Progressives in Chicago City Council push for elected school board referendum -- city-wide -- on February ballot

On July 31, 2014, the eight progressive aldermen in Chicago's 50-member City Council began the latest fight to get an elected school board of the nation's third largest school system. The aldermen introduced a proposal to hold a city-wide referendum on whether Chicago should have an elected school board on the February 2015 ballot.

Second Ward Alderman Bob Fioretti (above at podium) spoke to the July 23, 2014 meeting of the Chicago Board of Education, while several CPS officials looked on. Left to right in the rear: Chief Financial Officer Ginger Ostro, Chief Administrative Officer Tim Cawley, Chief Talenty Officer Alicia Winckler, and Chief Transformation Officer Todd Babbitch. Substance photo by George N. Schmidt.The resolution reads as follows:

RESOLVED, That the following referendum be placed on the ballot of the Municipal General Election to be held on February 24, 2015:

Shall the members of the Board of Education of the City of Chicago, City of Chicago School District 299, be elected?


BE IT FURTHER RESOLVED That a certified copy of this resolution be prepared and presented to the Chicago Board of Elections.

The eight aldermen who signed the resolution asked that it be placed before the Education Committee. As of Substance press time, we have not confirmed a report that the resolution was referred instead of the Rules Committee, which is favorable to Mayor Rahm Emanuel.

Two years ago, a referendum question was on the ballot, but only in a few precincts because the people who brought the resolution at the time were betrayed by Alderman Joe Moore, who stalled the paperwork until a few minutes after deadline. Nevertheless, the referendum was approved overwhelmingly.

An overwhelming majority of Chicagoans in 327 precincts voted yes on the advisory referendum for an Elected Representative School Board for CPS in November of 2012. But the Illinois legislature must change to law to allow Chicagoans the same right the residents of every other city and town in the state enjoy... the right to elect the people who run Chicago's public schools.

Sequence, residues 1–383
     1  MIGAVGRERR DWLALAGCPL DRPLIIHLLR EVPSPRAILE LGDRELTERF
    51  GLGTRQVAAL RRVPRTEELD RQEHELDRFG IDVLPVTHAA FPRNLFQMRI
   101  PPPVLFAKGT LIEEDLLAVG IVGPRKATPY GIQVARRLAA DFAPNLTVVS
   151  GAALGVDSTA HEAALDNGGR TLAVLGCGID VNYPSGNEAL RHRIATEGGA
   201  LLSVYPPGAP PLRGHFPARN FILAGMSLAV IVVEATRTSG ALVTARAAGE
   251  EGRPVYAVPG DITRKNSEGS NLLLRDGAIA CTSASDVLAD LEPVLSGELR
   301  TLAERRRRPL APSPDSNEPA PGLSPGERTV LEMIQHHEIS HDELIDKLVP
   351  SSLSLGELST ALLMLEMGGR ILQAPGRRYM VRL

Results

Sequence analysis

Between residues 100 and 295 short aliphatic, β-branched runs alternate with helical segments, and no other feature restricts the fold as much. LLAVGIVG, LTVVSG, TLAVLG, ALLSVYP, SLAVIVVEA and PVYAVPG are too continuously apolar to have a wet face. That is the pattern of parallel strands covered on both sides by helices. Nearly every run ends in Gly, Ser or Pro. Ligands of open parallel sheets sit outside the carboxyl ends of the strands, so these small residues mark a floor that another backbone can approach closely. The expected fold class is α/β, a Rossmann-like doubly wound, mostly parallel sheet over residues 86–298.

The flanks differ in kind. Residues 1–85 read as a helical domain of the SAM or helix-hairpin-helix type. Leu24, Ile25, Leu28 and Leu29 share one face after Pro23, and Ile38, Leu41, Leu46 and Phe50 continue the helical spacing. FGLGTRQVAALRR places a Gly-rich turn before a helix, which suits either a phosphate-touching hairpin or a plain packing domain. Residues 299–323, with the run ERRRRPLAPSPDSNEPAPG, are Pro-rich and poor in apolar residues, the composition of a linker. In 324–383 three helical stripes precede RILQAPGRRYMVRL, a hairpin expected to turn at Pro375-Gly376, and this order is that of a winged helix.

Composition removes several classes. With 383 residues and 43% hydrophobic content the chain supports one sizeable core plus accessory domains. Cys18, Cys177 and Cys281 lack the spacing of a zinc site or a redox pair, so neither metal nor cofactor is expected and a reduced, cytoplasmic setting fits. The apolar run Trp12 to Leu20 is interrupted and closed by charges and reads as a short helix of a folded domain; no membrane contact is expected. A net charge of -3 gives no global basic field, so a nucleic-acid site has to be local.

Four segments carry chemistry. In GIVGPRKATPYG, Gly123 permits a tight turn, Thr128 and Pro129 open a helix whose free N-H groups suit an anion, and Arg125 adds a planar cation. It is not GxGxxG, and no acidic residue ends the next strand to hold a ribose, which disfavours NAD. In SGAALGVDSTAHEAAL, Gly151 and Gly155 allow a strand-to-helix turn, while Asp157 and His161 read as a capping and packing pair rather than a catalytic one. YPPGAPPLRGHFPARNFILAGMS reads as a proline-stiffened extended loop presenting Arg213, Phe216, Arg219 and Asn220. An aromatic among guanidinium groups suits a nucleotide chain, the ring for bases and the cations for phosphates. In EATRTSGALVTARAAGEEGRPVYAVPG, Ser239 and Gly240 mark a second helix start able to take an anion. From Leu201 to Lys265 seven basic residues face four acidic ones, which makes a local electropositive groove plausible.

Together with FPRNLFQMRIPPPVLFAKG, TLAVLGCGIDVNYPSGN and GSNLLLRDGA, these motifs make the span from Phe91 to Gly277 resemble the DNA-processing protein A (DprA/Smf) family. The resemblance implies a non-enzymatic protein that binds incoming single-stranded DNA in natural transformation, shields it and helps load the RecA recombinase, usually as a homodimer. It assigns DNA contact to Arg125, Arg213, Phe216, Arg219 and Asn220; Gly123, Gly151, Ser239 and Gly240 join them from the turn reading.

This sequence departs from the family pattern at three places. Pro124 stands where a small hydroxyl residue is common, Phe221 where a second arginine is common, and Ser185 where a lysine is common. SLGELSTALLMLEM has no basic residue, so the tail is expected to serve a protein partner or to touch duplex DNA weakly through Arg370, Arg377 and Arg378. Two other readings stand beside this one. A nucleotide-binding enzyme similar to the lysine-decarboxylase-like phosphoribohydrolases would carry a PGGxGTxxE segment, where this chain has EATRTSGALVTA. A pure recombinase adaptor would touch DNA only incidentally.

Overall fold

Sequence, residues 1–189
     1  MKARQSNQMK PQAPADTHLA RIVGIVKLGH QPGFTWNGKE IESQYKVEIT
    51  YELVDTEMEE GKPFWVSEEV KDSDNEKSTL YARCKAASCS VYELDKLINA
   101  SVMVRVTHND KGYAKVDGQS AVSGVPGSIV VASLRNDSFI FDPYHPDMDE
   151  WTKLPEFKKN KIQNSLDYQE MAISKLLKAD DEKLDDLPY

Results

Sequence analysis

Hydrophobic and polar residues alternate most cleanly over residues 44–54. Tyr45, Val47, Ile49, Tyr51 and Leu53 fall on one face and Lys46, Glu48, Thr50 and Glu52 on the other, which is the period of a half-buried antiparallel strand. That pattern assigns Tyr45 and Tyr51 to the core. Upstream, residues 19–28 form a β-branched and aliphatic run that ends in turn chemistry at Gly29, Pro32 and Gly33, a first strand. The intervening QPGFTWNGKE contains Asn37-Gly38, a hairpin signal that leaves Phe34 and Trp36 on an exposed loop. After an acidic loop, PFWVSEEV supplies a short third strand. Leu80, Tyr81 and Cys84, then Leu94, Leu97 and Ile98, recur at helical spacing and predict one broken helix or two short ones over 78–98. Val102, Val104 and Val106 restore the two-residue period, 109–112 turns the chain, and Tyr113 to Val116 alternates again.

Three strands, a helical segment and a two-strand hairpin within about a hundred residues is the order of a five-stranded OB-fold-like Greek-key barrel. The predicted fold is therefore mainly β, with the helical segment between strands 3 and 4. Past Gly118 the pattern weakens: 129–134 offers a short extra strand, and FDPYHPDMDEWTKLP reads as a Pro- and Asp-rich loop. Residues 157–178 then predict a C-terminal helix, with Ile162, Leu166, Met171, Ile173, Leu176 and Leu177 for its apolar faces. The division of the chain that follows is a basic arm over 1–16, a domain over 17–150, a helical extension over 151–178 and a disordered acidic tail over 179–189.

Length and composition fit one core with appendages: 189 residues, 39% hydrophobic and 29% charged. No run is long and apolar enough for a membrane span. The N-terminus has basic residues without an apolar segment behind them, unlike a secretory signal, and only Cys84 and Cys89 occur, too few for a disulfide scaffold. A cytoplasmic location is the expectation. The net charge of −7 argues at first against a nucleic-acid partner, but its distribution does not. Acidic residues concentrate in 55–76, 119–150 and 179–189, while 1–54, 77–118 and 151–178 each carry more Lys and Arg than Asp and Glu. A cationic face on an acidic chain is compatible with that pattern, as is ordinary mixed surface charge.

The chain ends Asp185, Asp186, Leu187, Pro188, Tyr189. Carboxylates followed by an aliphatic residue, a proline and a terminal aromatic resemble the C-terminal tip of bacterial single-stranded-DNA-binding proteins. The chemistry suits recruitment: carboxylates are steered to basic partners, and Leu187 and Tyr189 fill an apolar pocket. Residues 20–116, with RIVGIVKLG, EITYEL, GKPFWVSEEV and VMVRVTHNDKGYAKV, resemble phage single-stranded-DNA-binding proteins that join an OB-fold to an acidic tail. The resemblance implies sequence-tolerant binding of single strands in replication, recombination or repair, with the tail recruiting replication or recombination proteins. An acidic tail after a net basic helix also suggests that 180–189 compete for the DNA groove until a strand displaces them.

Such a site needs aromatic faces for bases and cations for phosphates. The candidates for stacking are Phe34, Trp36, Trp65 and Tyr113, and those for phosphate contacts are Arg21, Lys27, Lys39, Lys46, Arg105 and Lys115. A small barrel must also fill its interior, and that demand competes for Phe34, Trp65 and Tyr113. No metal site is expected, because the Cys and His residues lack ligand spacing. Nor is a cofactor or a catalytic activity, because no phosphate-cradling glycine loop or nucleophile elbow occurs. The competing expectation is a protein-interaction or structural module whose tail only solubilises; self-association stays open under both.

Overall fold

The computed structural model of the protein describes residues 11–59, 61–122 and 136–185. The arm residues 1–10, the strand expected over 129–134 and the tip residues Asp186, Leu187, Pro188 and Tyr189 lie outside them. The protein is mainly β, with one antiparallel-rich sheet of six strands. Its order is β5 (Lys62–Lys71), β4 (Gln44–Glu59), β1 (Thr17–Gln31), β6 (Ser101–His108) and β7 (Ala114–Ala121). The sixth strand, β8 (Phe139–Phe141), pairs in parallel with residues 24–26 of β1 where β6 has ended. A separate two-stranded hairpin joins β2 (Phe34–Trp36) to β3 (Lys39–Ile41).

A photocopy of the resolution asking that the question about an elected school board for Chicago be placed on the February ballot. Signed by eight aldermen, the resolution should go to the Education Committee, as requested, but the mayor's minions are already maneuvering to keep it from ever getting out of the City Council.The results on the November 2012 Referendum showed 87% in favor where it was on the ballot. No action was taken on the issue in the Illinois General Assembly in 2013 and 2014 because no one submitted a bill in legislative format for the General Assembly to consider. Assuming the latest Chicago referendum is favorable, the question still has to be brought before the Illinois House and Illinois Senate and voted into law before Chicago can begin electing its school board for the first time in history. Contrary to some reports and many beliefs, Chicago voters have never elected their school board members.


August 3, 2014 at 4:11 PM

By: Margaret Wilson

Elected School Board

A number of us have supported an elected school board for over 50 years. Chicago voters deserve to have their support for this issue to be honored.

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